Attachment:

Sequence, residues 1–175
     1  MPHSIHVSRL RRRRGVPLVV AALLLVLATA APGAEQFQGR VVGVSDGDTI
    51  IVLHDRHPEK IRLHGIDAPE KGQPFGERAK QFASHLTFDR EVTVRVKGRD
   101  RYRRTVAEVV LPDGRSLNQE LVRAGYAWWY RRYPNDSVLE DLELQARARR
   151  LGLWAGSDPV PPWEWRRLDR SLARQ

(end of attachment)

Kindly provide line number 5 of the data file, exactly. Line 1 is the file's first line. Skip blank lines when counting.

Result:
   151  LGLWAGSDPV PPWEWRRLDR SLARQ